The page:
Coming to grips with grep


Master of Many Forms

The various incarnations of grep have taken many forms. Back in the day, grep was actually a function of the somewhat old-school editor ed. The easy-to-use ed was very similar to vi and vim in the sense that it used the same set of colon-based commands. From within this clever editor, you could run a command starting with g that enabled you to print (with p) all the matches of a pattern:

# g/chrisbinnie/p

From these humble beginnings, a standalone utility called grep surfaced, toward which you could pipe any data.

Thanks to grep's pervasive acceptance, the sys admin's vernacular even includes some highly amusing references in its lexicon. For example, are you familiar with vgrep, or visual grep [2], which takes place when you quickly check something with your eyes instead of using software to perform the task?

Back in the realm of the command line, you might have come across the excellent and regular-expression-friendly network grep , or ngrep [3], which offers features similar to tcpdump, as well as a few additional features on top.

The agrep, or approximate grep , command utilizes fuzzy logic to find matches. If you employ the slick regex matching library TRE, you can install a more powerful version of agrep called tre-agrep. To install libtre5 and tre-agrep on Debian or Ubuntu, use:

# apt-get install tre-agrep

You could try out tre-agrep with the word "gold" on the simplefile example file. A numeric switch between   and 9 tells tre-agrep how many errors to accept, so adding -2

# tre-agrep -2 -i "you" simplefile

means it will accept patterns within two errors of the original pattern. Therefore, it would return mistakes like "göld" with a diacritical. Figure 10 shows the output from this case-insensitive (-i) command. The first line is within one error of "gold" (good), the second line is within two errors (volu), and the third line matches exactly (gold).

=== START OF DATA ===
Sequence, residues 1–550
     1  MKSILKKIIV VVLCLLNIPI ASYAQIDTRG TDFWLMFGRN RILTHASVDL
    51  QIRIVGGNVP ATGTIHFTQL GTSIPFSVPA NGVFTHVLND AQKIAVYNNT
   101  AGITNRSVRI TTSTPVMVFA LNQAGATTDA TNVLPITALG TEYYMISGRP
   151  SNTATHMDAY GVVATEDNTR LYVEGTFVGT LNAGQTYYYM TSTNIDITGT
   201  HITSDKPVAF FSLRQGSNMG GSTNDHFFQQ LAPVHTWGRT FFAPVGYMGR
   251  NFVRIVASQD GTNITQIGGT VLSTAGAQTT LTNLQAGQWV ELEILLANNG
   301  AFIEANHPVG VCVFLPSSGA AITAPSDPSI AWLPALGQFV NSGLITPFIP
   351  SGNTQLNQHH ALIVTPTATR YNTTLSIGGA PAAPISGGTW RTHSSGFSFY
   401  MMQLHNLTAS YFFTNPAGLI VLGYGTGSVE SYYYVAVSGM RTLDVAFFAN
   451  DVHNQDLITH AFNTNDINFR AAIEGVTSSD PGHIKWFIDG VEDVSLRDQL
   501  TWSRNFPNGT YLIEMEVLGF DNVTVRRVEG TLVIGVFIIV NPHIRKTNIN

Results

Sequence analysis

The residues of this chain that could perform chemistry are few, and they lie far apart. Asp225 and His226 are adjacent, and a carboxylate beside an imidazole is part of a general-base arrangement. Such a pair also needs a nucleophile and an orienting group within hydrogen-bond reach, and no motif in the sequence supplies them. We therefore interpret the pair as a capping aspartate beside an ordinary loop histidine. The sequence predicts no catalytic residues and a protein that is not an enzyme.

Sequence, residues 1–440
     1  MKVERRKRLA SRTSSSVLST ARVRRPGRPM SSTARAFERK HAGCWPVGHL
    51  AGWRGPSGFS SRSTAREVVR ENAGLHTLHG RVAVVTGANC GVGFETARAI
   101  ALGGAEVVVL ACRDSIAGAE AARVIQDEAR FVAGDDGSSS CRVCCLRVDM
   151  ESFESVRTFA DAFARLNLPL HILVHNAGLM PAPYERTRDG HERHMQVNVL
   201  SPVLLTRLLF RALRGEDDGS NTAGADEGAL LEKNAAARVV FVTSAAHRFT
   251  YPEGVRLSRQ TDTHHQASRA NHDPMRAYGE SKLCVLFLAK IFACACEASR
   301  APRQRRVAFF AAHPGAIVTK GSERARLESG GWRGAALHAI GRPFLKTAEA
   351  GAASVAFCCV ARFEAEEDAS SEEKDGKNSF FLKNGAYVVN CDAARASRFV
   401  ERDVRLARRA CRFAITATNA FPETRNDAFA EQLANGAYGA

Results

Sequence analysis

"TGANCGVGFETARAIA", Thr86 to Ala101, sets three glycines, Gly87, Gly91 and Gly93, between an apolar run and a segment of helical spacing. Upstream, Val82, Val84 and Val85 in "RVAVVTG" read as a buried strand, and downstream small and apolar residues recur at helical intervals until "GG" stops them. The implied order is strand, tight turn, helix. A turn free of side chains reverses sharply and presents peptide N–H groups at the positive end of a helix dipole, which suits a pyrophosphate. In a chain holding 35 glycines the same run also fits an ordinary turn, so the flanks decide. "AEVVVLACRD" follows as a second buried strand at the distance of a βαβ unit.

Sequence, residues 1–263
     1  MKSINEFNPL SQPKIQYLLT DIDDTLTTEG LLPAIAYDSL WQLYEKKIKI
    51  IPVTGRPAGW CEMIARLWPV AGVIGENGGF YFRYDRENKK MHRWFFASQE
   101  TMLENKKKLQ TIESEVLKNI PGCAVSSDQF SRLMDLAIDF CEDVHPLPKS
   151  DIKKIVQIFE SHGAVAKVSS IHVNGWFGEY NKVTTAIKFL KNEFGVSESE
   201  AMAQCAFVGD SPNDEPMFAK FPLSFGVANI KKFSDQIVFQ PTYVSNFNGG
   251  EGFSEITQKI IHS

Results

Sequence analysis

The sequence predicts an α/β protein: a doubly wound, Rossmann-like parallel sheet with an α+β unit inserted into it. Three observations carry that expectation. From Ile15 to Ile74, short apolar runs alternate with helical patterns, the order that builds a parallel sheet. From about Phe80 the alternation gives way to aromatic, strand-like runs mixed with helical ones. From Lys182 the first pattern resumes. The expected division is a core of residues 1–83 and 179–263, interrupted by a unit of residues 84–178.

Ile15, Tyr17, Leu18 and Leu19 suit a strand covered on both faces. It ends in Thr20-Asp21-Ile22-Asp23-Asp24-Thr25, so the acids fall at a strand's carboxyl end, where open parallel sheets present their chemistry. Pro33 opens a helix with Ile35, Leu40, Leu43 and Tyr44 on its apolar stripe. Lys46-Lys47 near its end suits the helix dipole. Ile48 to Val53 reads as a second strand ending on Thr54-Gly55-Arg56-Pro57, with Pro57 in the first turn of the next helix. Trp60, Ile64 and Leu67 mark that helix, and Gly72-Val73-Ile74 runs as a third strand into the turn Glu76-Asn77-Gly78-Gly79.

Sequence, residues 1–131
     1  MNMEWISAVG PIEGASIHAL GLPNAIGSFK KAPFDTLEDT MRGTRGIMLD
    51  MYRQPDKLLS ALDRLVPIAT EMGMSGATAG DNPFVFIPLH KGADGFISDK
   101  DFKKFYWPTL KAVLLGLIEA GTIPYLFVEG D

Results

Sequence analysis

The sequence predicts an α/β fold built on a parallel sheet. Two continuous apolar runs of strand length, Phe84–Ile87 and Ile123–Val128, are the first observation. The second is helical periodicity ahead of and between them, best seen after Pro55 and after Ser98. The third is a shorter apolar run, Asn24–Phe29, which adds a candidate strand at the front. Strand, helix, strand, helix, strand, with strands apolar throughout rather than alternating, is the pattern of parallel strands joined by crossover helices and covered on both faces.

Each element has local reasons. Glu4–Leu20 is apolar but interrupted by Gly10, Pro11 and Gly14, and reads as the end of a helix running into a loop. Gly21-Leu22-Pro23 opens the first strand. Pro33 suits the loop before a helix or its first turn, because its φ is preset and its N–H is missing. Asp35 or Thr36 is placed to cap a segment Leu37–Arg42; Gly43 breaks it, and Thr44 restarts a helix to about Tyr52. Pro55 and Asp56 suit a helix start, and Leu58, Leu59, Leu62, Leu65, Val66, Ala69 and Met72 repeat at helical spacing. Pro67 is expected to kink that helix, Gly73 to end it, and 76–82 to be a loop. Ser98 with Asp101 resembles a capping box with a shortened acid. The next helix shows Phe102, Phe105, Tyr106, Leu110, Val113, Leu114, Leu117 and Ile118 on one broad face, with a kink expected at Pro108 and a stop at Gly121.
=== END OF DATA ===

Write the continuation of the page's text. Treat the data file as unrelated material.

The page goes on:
Figure 10: The tre-agrep command outputs three lines in simplefile that match within a distance of two (-2) the word "gold," with case ignored (-i).

Not Stable

As if all that information about grep isn't enough, a Debian-specific package offers even more grep derivatives in debian-goodies . To install, enter:

# apt-get install debian-goodies

If you rummage deeper into this bag of goodies, you will discover a tiny utility called which-pkg-broke, which lets you delve into the innards of a package's dependencies and when they were updated. This utility along with the mighty dpkg can help you solve intricate problems with packages that aren't behaving properly. To run the utility, all you do is enter

which-pkg-broke binutils

where binutils is the package you are investigating.

Another goodie is dgrep, which allows you to search all files in an installed package using regular expressions. In a similar grep-like format, dglob dutifully generates a list of package names that match a pattern. (The apt-cache search command has related functionality.) Both goodies are highly useful for performing maintenance on servers.

All Clear

My intention within this article was to provide enough information related to grep to assist you in building useful command lines and creating invaluable time-saving shell scripts. There's nothing like getting back to basics sometimes.

Many other possible applications of the clever grep are there to explore in much more detail, such as back-references [4], but I hope your appetite has been sufficiently whetted for you to invest more time in brushing up on the basics and less time referencing instruction manuals. As you can imagine, you can launch all sorts of weird and wonderful quests by combining the functionality that these utilities provide.

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